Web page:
The first of two drafts of the Next Generation Science Standards are expected to be available for public comment by late March or April. The second public draft will be available “in the third quarter” with the final version completed by December.
At this point, the Arkansas Department of Education could decide to use these national standards as they stand or add additional standards specific to Arkansas. Since Arkansas is a “lead state” and represented within the writing teams, we might presume that very little will change. [It is likely the Next Generation Science Standards will be taught in 2013-14.]
Myth: English teachers are going to be teaching science, and science teachers are going to be teaching literacy.
Fact: The Common Core State Standards include the learning of literacy skills using scientific texts. This means that some of the skills may be taught in English lessons, but may also be appropriate to include in science lessons. English teachers would not be expected to teach science standards (the current or Next Generation), but with support, teaching some literacy skills specifically related to scientific text might best be suited to the science classroom.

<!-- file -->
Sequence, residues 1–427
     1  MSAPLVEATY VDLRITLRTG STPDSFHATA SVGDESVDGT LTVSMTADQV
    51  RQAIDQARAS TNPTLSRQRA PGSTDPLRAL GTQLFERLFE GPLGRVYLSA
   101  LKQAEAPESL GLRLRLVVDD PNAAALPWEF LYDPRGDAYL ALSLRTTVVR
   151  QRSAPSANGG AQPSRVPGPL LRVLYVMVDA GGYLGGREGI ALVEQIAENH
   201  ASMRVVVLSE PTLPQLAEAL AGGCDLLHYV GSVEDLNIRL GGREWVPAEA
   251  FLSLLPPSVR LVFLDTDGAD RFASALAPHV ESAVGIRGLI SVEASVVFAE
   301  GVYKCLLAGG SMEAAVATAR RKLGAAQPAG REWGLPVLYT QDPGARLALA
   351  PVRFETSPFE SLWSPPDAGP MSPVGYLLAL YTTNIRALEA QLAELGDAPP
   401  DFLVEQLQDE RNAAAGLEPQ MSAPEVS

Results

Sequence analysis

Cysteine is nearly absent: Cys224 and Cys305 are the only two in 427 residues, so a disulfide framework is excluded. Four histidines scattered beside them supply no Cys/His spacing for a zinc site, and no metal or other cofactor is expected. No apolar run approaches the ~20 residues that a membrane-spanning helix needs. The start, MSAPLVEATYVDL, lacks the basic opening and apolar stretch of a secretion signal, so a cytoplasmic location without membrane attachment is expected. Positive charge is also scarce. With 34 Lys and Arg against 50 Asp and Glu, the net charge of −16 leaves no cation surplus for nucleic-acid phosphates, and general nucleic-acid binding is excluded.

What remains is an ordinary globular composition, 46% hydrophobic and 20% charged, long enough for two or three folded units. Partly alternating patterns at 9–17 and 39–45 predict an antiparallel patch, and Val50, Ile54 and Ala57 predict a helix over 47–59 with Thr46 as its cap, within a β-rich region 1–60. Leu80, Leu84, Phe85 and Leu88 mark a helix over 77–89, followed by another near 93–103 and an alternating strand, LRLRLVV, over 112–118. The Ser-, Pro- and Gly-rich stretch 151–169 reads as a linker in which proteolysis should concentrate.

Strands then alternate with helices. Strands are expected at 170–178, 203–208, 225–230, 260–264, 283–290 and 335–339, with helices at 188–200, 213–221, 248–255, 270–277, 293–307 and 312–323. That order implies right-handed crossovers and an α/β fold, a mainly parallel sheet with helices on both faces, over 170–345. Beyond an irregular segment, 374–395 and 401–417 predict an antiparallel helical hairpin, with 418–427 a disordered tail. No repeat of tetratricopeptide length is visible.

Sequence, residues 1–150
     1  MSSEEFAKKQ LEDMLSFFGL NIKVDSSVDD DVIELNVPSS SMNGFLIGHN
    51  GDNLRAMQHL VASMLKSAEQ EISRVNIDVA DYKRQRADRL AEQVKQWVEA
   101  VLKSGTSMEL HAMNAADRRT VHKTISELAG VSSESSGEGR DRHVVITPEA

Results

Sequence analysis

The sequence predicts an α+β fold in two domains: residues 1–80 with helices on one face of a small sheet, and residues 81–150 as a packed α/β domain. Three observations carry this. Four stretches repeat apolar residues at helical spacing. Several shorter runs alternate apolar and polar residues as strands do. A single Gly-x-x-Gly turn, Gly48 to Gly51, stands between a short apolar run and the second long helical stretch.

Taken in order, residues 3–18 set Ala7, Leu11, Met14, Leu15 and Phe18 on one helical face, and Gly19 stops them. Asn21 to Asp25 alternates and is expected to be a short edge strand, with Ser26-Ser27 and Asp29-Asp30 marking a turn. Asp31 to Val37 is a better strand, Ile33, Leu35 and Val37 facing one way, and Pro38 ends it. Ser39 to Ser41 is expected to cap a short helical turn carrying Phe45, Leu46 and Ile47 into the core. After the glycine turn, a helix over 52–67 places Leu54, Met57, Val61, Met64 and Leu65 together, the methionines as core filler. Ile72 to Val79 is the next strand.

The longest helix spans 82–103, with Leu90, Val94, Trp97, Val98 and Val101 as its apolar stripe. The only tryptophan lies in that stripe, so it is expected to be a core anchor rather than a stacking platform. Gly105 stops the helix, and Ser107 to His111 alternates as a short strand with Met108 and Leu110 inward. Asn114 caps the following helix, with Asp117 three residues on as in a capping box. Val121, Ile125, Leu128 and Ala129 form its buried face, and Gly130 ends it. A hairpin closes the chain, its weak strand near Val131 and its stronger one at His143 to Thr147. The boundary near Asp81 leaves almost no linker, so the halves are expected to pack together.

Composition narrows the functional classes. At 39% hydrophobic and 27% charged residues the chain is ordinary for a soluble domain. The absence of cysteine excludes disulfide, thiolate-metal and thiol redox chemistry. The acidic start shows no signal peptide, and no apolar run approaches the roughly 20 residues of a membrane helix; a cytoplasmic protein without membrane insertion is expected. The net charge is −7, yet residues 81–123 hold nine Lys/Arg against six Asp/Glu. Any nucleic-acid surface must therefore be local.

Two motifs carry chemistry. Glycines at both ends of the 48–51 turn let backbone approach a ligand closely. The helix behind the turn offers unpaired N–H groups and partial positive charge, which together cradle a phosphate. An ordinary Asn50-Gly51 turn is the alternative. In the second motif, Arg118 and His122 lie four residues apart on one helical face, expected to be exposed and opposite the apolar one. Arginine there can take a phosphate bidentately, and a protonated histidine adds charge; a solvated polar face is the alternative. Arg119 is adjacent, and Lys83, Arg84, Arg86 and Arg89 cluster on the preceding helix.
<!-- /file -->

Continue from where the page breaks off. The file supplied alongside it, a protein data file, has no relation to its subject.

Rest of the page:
Myth: Science will be assessed through the PARCC Assessment.
Fact: The PARCC Assessment, which is to be piloted in 2013-14, will assess students’ math and literacy skills, but will not directly assess their skills, knowledge, and understanding of science (identified in the science standards). How science will be assessed after 2012 -13 will be determined by the Arkansas Department of Education in the future, most likely after the Next Generation Science Standards have been released in December 2012.
David Harrison, Science Curriculum Specialist
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